Who are the Sudanese rebels agreeing peace?

Who are the Sudanese rebels agreeing peace?

The rebel Sudan Revolutionary Front (SRF), founded in 2011, includes four groups from the western region of Darfur and the southern states of South Kordofan and the Blue Nile. Credit: AFP Photo

Sudan's main rebel alliance has agreed a landmark peace deal with the government, raising hopes for the end of 17 years of conflict, although holdout groups remain.

Prime Minister Abdalla Hamdok and rebel leaders are due to sign the final agreement on Monday in Juba, the capital of neighbouring South Sudan, which has hosted and helped mediate the talks since late 2019.

The rebel Sudan Revolutionary Front (SRF), founded in 2011, includes four groups from the western region of Darfur and the southern states of South Kordofan and the Blue Nile.

Darfur has been devastated since 2003 by a conflict that has left 300,000 people dead and 2.5 million others displaced, according to the United Nations.

Conflict in South Kordofan and Blue Nile erupted in 2011, following unresolved issues from bitter fighting there in Sudan's 1983-2005 civil war.

The rebel groups are largely drawn from non-Arab minority communities that long railed against Arab domination of successive governments in Khartoum.

Rebels fought troops deployed by now-toppled autocrat Omar al-Bashir, who is wanted by the International Criminal Court (ICC) over charges of genocide and crimes against humanity in the conflict.

After Bashir was overthrown in April 2019, the transitional government led by Hamdok has made peacemaking with the rebels one of its top priorities.

The SLM was founded in 2002 and is based in the vast western Darfur region.

The movement, which complained of economic and political marginalisation of Darfur, has split in sometimes rival factions.

Key leaders include Abdelwahid Nour, from the Fur ethnic group, and Minni Minnawi of the Zaghawa people.

In February 2003, the movement carried out its first major operation by attacking the city of Al-Fasher, the capital of the North Darfur state.

The fighting escalated when Khartoum responded with a scorched-earth campaign.

In 2006, the SLM split into two factions following disagreements between Nour and Minnawi, who signed a peace deal with the government in Nigeria.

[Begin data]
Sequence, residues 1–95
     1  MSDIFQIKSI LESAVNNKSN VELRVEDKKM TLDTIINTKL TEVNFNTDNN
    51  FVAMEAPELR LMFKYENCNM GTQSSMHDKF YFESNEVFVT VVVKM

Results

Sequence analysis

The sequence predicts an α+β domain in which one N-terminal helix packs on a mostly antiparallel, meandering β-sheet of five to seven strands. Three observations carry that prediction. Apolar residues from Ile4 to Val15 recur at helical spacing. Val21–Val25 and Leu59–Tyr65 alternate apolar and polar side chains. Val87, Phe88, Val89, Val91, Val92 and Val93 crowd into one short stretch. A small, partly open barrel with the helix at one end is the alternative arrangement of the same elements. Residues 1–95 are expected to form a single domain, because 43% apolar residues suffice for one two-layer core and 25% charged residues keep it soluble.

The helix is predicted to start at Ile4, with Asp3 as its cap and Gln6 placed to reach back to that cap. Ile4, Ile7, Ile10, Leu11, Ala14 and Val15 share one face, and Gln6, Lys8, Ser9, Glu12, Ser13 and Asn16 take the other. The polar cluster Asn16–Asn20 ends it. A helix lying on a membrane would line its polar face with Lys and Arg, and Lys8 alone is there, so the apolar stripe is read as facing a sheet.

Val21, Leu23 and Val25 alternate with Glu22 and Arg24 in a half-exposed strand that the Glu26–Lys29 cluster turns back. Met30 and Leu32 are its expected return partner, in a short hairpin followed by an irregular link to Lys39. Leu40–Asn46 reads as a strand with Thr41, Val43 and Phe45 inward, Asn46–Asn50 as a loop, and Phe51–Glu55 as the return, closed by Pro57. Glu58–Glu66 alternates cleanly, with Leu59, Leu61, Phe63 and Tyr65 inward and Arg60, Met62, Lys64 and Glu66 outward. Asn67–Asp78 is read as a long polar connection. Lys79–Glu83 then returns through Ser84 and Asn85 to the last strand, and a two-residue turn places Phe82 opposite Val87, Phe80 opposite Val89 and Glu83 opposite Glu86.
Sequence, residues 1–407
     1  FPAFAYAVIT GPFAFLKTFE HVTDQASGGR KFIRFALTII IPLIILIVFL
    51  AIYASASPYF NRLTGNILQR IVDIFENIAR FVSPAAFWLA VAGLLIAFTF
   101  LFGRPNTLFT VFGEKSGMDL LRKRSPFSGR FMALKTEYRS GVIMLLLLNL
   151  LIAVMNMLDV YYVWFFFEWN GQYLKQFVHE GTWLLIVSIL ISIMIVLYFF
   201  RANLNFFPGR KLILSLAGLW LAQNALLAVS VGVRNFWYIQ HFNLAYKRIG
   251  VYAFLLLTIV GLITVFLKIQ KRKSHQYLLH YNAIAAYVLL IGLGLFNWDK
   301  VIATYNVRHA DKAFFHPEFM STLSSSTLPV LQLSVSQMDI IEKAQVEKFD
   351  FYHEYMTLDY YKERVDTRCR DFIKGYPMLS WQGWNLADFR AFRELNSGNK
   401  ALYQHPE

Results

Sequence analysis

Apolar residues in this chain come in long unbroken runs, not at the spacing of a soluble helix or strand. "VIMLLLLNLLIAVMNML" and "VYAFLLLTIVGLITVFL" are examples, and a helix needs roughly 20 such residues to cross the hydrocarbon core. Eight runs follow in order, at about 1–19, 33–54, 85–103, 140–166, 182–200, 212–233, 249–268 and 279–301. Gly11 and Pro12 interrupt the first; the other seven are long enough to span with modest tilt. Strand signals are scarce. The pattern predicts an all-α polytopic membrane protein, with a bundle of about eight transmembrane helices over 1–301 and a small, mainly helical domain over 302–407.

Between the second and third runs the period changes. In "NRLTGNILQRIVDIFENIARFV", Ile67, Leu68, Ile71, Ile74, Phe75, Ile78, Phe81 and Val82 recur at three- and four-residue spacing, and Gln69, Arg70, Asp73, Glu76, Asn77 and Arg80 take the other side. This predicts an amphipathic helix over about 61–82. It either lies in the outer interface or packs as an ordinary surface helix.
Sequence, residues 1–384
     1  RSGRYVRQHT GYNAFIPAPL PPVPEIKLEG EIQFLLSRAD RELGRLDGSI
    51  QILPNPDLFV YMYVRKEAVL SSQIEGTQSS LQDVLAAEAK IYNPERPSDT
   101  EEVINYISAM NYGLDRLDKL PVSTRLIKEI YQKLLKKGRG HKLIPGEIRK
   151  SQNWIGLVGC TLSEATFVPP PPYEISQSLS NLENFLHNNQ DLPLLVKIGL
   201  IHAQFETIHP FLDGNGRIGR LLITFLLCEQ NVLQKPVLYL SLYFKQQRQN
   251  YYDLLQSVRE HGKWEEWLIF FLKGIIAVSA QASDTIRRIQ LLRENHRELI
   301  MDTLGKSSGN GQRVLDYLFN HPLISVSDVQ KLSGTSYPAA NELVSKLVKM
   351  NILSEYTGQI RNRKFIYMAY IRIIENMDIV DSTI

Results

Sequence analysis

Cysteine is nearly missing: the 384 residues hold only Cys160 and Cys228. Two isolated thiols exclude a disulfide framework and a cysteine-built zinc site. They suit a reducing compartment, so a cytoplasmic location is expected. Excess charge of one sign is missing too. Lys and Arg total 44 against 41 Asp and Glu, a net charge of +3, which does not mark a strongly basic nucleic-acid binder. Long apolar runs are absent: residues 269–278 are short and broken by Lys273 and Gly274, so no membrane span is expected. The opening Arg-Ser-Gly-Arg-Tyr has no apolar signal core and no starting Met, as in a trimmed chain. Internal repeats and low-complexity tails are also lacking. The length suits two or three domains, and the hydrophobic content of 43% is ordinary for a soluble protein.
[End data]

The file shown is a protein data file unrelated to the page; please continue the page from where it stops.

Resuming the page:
In 2010, Minnawi resumed fighting against Bashir's government, citing its "lack of seriousness" in honouring the agreement.

Only Minnawi's faction will sign the peace deal with Hamdok's government on Monday.

Nour, who has been based in Paris for several years, refused to take part in the negotiations.

The group was formed in 2012 by dissidents from the SLM.

It is led by Alhadi Idris Yahya, who in September 2019 took over the presidency of the Sudan Revolutionary Front.

JEM was founded in 2001 by Khalil Ibrahim, a member of the Zaghawa ethnic group, who was once close to Bashir.

He was head of the Popular Defence Forces, an Islamist paramilitary group created in 1989, which helped Bashir's rise to power.

Ibrahim also had close links to Islamist leader Hassan al-Turabi, who orchestrated Bashir's 1989 coup.

He later broke with Turabi and joined the rebels in Darfur.

In 2008, he carried out his most daring attack on the city of Omdurman, across the Nile river from the capital Khartoum, killing more than 220 people.

In December 2009, Ibrahim took part in talks with Khartoum, but withdrew before the signing of a deal.

He was killed in December 2011 in a targeted airstrike and was succeeded by his brother Gibril.

The SPLM-N began fighting Khartoum in the 1983-2005 civil war, which paved the way for the independence of South Sudan.

When South Sudan became a separate nation in 2011, the rebel forces in South Kordofan and Blue Nile were left behind in the rump state of Sudan.

In 2017, the SPLM-N split into two factions, one led by Malik Agar and the other headed by Abdelaziz al-Hilu.

Hilu will not ake part in the signing on Monday, as he sees the formation of a secular state as a prerequisite to any peace deal.

Hilu also refused to hold talks with Sudanese paramilitary commander Mohamed Hamdan Daglo, best known by his nickname "Hemeti".

He accuses Daglo of heading key militias responsible for some of the worst atrocities of the conflict.